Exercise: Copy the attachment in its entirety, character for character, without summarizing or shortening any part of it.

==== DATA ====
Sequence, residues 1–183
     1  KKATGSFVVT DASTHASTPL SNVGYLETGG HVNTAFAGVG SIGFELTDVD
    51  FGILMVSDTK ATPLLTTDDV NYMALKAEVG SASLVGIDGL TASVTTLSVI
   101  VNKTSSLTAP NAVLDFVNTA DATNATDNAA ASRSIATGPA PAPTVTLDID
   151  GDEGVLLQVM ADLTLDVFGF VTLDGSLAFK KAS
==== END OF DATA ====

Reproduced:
Sequence, residues 1–183
     1  KKATGSFVVT DASTHASTPL SNVGYLETGG HVNTAFAGVG SIGFELTDVD
    51  FGILMVSDTK ATPLLTTDDV NYMALKAEVG SASLVGIDGL TASVTTLSVI
   101  VNKTSSLTAP NAVLDFVNTA DATNATDNAA ASRSIATGPA PAPTVTLDID
   151  GDEGVLLQVM ADLTLDVFGF VTLDGSLAFK KAS